London-based Albion Community Power is to invest £4.8m into developing two new hydro-power projects in the Highlands.
The Liatre Burn and Abhainn Bruachaig schemes will together generate 2.8 GWh of renewable electricity per year – enough to power around 700 homes in total
Albion Community Power has secured investment from the Edinburgh-based Green Investment Bank and the Strathclyde and Greater Manchester council workers’ pension funds.
ACP is a power generation company that builds, controls and operates community-scale energy projects across the UK. Former Scottish Nuclear corporate lawyer Robert Armour is a non-exec director of Albion.
To date, Albion has committed £60 million to renewable energy assets, of which more than half – £35 million – is now generating energy.
The 500 kW high-head Liatre Burn scheme is located near Loch Mullardoch in Glen Cannich, about 20 miles south-west of Inverness whilst Bruachaig is a medium-head 500 kW run-of-river scheme located close to Kinlochewe in the western Highlands.
Construction of both projects is already underway with completion of the construction programme and commissioning of the schemes anticipated before the end of the year.
They are the third and fourth community-scale Scottish hydro projects that ACP is developing. Construction of the first two schemes – Chaorach, near Crianlarich (in partnership with Perth-based Green Highland Renewables) and River Arkaig, in Lochaber – is in advanced stages and both are expected to be fully commissioned by the end of Q3 2016.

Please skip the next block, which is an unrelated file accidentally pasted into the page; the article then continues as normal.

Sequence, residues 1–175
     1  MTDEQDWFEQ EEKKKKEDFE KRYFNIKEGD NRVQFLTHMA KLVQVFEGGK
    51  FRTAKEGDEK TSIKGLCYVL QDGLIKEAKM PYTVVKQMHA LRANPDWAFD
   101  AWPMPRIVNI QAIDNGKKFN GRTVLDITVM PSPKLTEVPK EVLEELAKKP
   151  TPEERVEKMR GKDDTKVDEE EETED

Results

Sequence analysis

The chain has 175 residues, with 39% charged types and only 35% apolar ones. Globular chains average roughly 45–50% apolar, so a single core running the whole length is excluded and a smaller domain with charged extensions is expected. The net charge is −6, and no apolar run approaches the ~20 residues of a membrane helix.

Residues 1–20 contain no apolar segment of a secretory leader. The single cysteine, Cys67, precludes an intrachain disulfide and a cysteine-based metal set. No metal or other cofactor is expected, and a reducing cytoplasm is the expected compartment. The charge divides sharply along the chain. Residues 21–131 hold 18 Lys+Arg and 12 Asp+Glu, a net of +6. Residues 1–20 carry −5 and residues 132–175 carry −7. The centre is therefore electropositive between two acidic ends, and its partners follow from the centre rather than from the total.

Volker Beckers, Chairman Albion Community Power, said: “We are delighted to announce two new projects as we continue to invest in small-scale hydropower.
“ACP’s expertise in hydro-power combined and enhanced by local knowledge supports the government’s SME and local business campaign. Hydropower, the oldest renewable technology, has a proven track record of generating strong and stable returns for investors.
“Institutional demand for community-scale renewable energy continues to grow and ACP is well placed to benefit from this trend. We look forward to working on both schemes, as well as developing a further pipeline of projects.”
Ed Northam, Head of Investment Banking, UK Green Investment Bank, said: “Community-scale projects improve the efficiency of the network by generating electricity close to where customers need it.
“We believe that decentralised schemes like Liatre Burn and Bruachaig are an important part of the energy mix and have a significant role to play in increasing security of supply, reducing costs and cutting greenhouse gas emissions.”